Journalism can be a very lonely occupation. True, some fellow journalists are very good company. They are witty and can offer insights, new information and - above all - good laughs.
But after one has left them and gone back home, one has to confront the blank, empty screen of one's laptop.
What should be one's topic for the day? One decides that entirely by oneself.
What line should one take in tackling the topic? Ditto!
Oh - what's the best word to be used in describing a particular situation? Sorry, chum - you've got to dig it up from memory yourself.
Alone, alone, alone! All the time. Self-reliance may be a virtue, but by God, it's difficult to practise in front of a blank keyboard.
The best newsroom I've ever operated in was the one at the Ghana Broadcasting News Division. Stuck for a word? A date? Or a name? Ask Robert Tabi (Editor 1957-58); Dan Awere; OseiAcheampong; Charles Segbefia (Sub-Editor); C S Buckman (Ex-Hansard) ;Danquah-Smith or "Akwan" (News-Librarian); Ben Sackey (Ex-Daily Graphic). Shang Simpson might also be asked, but he's so feared that he's only approached if there's no alternative to doing so!
But now, I've only got my own head. Yes, Google is invaluable today, but it's not the same. Danquah-Smith would stammer first before the word came out of his mouth; Charles might slap his thigh and out would pop the word; Buckman might ask you to wait whilst he phoned somebody in Parliament House... . All great fun. OseiAcheampong might even relate the word to an anecdote. Such as the guy who said on our Kumasi station that a "bucket" of flowers had been presented to the Duke of Edinburgh by a schoolgirl on his arrival (instead of a "bouquet"!)
In the absence of such elements of fun, writing can become a drudgery. The only relief comes from a remembrance of the effect one's writing has had on people; complete strangers who take the trouble to some and say (for instance) "You're very courageous" (said to me out of the blue at the Kumase Cultural Centre), or "You took me back to my school-days" (said to me very often by fellow villagers who'd had problems with disciplinarian school-masters, very similar to those I suffered myself.)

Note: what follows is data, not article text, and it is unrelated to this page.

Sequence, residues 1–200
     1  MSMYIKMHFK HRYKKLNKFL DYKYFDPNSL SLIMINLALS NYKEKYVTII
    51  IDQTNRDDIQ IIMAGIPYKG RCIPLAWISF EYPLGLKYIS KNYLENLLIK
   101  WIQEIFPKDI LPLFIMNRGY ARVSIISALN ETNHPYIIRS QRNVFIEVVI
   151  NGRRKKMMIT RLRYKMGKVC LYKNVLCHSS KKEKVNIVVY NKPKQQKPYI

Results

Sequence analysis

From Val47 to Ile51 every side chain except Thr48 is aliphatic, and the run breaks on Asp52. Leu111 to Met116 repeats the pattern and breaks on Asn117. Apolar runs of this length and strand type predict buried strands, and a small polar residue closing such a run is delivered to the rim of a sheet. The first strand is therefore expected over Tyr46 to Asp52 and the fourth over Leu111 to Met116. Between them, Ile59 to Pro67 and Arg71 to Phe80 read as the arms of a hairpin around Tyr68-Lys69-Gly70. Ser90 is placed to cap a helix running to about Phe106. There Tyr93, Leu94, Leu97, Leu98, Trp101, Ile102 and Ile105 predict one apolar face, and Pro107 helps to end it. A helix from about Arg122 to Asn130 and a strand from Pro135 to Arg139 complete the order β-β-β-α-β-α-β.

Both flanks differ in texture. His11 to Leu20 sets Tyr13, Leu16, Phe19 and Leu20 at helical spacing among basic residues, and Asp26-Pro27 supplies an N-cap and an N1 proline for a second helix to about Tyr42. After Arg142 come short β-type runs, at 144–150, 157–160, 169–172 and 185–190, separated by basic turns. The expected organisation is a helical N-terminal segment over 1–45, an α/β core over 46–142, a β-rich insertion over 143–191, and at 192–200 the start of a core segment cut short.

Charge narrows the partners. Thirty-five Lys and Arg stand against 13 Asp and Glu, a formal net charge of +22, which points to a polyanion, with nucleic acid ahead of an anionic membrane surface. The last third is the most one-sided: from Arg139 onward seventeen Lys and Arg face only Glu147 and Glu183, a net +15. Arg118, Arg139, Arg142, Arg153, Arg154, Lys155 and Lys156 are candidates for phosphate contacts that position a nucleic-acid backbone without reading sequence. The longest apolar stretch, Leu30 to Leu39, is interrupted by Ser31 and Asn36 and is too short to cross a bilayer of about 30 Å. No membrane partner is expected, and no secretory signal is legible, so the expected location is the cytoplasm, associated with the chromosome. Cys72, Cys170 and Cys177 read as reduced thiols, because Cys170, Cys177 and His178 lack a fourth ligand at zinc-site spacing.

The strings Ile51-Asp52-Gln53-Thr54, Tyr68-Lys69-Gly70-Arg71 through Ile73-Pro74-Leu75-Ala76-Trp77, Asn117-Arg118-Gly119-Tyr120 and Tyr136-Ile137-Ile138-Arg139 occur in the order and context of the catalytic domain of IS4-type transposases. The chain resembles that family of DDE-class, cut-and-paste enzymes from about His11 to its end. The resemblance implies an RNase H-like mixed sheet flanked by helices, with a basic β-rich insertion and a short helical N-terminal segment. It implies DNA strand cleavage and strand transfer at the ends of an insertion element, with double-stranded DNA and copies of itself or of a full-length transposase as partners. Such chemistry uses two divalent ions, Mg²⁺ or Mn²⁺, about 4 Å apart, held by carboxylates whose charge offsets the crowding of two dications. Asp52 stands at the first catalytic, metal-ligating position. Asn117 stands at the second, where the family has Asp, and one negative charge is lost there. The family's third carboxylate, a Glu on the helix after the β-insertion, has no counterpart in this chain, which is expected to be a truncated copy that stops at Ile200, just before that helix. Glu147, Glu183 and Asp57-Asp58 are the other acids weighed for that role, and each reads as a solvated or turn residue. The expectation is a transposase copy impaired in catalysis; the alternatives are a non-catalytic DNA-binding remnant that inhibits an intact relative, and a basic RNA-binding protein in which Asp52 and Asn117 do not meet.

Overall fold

The next best thing to the personal compliment is to read what somebody else has written, which makes one smile broadly, because one agrees with it completely. Recently, I wrote in this paper to commend an article written on the destructive effects of galamsey by a Daily Graphic features writer called Ngnengbe. See:
It was the sort of article I had silently been praying that some Ghanaian journalists would be inspired write, so that our water-bodies might be saved from destruction by the conscienceless galamsey operators, who
prefer gold to the preservation of our good drinking water for the children we have brought into the world to inherit our nation, just as we inherited it from our parents.
QUOTE: GALAMSEY - WHEN A NATIONAL ASSET BECOMES A CURSE
"We have a serious situation here. Our lands that provide us with food is being destroyed on a daily basis; we can no longer drink from the Tano and other water-bodies that quenched our thirst; our cocoa farms are being destroyed."If you go to our towns and villages and see the extent of destruction illegal miners have caused to our land, cocoa farms and water, you will weep." These were the lamentations of the Paramount Chief (Omanhene) of the Aowin Traditional Area in the Western Region, BeyeemanTanoKwawuBenbuin III" UNQUOTE